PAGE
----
The majority of the world’s countries continue to rely on coal, natural gases and oil for energy, all of which fall under the category of fossil fuels. The downside of fossil fuels is that they are non-renewable or finite, whereas renewable energy sources can last forever. Over time, non-renewable energy sources will become too expensive as a result of an impending shortage and will also prove to be far too damaging to the environment to call upon.
Considering the fact that the continual use of non-renewable energy sources will affect us all at some stage, it’s no surprise that a huge amount of awareness has been raised concerning the availability and research of alternative renewable energy sources.
Most of what we consider renewable energy today comes from the sun, both directly and indirectly. Solar energy is an incredibly powerful and capable source of energy that can light our homes and provide the heating we need to keep warm.
Solar power can also generate electricity that gives us the hot water we need for domestic use, as well as provide a wide range of different commercial uses. Solar power has been utilised a lot more over the last few decades, with the introduction of solar panels and many other forms of solar absorption technology.
As we continue to delve into the future searching for ways to make the most of solar power, new technology continues to be tested and developed. Solar-powered objects that would usually require natural gases or fuel to operate are incorporating solar absorption technology as an alternative.
The suns heat is also capable of driving wind which is then collected by wind turbines. Despite wind turbines looking like something out of a science fiction novel, the world has utilised the wind’s energy for centuries. Windmills were used in a very similar way to help grind grain in the past.
However, wind turbines have one sole purpose, which is to produce electricity by converting the wind energy that they capture. Wind turbines need to be tall (around 30 metres tall) so that they can reach areas aboveground that provide faster and less turbulent wind speeds.
Wind turbines have been criticised by many activists who are keen to protect the environment and local scenery, although many farmers and homeowners can significantly cut their electric bills with the help of local wind turbines.
The renewable energy chain continues with solar energy and wind combining to assist water evaporation. When the water vapour falls as rain or snow, rivers and streams collect the flowing water and capture the energy produced to create hydroelectric power. Flowing water produces enough energy to be captured so that it can subsequently be turned into electricity.
Hydroelectric power has been harnessed in many power plants that contain reservoirs, which release water into turbines that spin as a result. These spinning turbines activate a generator that then produces electricity. Of course, not all hydroelectric power requires a reservoir, with many generators relying on small canals or streams.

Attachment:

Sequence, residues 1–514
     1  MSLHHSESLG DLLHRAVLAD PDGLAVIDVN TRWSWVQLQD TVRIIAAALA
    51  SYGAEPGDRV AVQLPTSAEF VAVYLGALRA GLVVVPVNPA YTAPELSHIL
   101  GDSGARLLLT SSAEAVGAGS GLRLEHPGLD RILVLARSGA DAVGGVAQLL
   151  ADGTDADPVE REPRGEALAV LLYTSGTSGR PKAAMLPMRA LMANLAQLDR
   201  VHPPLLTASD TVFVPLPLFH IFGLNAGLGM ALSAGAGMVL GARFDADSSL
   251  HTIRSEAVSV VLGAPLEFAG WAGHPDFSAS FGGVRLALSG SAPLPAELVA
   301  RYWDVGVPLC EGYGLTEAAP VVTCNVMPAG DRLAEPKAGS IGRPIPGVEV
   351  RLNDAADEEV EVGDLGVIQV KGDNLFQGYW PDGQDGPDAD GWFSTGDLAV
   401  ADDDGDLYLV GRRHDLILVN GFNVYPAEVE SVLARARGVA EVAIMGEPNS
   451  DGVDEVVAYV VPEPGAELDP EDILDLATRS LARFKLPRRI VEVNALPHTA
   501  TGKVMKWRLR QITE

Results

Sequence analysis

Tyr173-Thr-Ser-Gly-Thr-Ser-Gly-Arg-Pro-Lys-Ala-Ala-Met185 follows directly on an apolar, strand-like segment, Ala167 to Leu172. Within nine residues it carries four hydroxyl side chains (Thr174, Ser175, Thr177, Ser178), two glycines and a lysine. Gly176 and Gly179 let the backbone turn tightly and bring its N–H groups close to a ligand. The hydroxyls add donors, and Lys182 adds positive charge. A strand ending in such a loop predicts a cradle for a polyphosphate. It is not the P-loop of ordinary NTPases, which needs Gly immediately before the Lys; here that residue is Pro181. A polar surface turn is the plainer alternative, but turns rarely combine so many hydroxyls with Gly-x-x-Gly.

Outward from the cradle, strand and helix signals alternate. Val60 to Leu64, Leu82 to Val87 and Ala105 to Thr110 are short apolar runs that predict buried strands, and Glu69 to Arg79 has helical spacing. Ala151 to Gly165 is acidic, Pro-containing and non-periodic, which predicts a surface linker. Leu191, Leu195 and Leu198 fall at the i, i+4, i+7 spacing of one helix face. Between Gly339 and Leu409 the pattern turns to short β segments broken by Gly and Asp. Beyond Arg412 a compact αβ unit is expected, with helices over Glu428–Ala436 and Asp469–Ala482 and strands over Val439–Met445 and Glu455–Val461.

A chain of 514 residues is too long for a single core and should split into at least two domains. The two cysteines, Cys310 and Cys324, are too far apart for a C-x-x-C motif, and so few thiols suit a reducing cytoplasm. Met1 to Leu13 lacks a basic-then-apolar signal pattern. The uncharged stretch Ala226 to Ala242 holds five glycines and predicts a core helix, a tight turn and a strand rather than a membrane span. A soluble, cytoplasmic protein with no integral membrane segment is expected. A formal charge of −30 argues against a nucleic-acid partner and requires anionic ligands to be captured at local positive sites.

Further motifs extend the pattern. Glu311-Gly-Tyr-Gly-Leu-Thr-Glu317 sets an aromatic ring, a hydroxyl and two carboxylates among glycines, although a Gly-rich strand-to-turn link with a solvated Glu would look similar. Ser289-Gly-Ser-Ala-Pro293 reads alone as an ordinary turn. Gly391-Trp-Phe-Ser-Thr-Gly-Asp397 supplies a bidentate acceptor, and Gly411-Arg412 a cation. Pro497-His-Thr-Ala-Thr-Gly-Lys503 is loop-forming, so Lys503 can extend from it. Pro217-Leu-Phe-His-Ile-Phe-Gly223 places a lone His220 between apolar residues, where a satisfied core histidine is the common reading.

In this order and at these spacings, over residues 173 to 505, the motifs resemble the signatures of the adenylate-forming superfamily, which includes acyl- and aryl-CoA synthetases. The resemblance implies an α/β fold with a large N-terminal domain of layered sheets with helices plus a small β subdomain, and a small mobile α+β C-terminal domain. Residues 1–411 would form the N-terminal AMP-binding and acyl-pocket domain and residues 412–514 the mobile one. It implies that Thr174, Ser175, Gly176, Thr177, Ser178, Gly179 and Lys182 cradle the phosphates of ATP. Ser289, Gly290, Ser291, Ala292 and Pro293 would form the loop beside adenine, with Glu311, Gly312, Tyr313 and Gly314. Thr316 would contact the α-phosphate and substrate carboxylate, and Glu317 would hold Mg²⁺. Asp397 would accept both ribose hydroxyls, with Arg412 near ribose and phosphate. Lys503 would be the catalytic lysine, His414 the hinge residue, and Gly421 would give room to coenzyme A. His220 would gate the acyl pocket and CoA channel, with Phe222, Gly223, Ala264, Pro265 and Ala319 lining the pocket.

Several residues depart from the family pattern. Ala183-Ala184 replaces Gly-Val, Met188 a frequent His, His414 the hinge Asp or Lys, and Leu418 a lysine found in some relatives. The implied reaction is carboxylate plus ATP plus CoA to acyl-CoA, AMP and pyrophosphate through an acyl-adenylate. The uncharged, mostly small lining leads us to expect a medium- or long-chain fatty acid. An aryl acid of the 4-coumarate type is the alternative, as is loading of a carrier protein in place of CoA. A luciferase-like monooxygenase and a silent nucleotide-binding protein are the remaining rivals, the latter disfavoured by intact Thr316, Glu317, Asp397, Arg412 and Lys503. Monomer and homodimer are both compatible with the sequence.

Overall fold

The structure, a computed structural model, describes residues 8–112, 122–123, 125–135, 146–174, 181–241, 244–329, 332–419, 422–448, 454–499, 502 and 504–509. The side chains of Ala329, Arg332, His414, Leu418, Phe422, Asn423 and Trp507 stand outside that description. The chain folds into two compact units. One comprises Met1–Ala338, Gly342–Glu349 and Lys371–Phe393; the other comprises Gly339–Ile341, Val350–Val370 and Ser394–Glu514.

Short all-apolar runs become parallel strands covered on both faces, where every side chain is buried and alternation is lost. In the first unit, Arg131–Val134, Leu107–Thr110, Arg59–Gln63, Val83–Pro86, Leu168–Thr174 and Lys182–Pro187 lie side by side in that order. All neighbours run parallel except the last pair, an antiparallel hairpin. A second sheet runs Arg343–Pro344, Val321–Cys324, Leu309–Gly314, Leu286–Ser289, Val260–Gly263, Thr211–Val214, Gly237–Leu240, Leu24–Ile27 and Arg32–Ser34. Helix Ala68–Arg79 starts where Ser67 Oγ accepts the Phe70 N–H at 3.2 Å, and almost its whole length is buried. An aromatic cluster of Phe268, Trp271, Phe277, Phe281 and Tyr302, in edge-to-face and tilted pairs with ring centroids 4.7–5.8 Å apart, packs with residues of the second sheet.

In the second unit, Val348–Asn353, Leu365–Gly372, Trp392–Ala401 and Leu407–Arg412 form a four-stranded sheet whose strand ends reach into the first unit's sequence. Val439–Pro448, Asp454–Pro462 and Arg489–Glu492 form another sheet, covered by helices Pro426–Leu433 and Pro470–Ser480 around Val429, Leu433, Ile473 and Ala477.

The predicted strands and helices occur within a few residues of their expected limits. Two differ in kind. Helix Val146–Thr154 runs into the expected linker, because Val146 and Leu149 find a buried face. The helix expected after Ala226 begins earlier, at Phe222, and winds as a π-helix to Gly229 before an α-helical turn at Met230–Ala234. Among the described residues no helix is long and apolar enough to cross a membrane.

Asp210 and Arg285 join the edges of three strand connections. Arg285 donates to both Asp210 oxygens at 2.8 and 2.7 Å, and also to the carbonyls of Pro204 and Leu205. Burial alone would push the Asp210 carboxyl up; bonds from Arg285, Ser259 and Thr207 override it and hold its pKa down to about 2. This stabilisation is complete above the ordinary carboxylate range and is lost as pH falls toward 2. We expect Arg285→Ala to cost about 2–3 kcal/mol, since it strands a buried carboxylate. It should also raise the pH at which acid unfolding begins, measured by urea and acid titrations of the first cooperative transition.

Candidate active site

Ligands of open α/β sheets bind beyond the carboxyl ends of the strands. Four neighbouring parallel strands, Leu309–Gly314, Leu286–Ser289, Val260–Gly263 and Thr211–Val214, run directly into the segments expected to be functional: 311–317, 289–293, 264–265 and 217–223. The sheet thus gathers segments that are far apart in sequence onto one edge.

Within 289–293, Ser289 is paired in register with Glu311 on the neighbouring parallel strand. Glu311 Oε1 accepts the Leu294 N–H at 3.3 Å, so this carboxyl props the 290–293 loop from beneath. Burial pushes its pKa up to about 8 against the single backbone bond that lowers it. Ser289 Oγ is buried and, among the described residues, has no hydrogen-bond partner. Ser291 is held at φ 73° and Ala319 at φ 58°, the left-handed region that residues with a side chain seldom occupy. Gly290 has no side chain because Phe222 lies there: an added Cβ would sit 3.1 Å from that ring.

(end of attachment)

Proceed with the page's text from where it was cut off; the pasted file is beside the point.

Solar energy assists in the development of plants and helps them to grow along with other vital growth resources such as water. The term biomass is given to the organic matter that makes up our plants. Biomass is capable of being used for transportation technology, chemicals and the production of electricity. We refer to the use of biomass as a means of renewable energy as Bioenergy.
Again, Bioenergy has been around for some time, in fact since humans first started burning wood to keep warm. Wood remains the most popular resource of bioenergy, yet we are now capable using many other types of biomass for energy, such as industrial wastes, residues and forestry. We can significantly reduce our greenhouse gas emissions with the help of bioenergy because plant growth stabilises the amount of carbon dioxide we produce when using biomass as a fuel.
Geothermal energy is an example of renewable energy source that does not come from the sun. Geothermal energy utilises the earth’s internal heat in order to produce electricity and either heat or cool homes and buildings.
The heat from the earth is clean and sustainable, with the best and most accessible resources being shallow, heated ground just a few miles beneath the earth’s surface and even extremely hot molten magma which can be found further down.
Hydrogen is regularly found in compounds but when separated into individual elements it can also be used as a form of renewable energy. Hydrogen is in many organic compounds, the most easily accessible of which is water. It is by far the most plentiful element on the planet. The process of separating hydrogen from its compounds is the essential step to converting it into electricity.
In order to separate hydrogen atoms from hydrocarbons, we need to apply heat, a process also known as reforming. Electrolysis is the name given to a process that involves the separation of hydrogen and oxygen by means of electricity. Hydrogen is also produced by bacteria and algae in some situations.
The appeal of hydrogen is that it contains plenty of energy but produces hardly any pollution when used. The use of hydrogen on space shuttles in particular is fascinating. Space shuttles make the most of hydrogen energy when propelled into orbit as hydrogen fuels the electrical systems in the shuttle. This produces a clean byproduct that the crew can drink.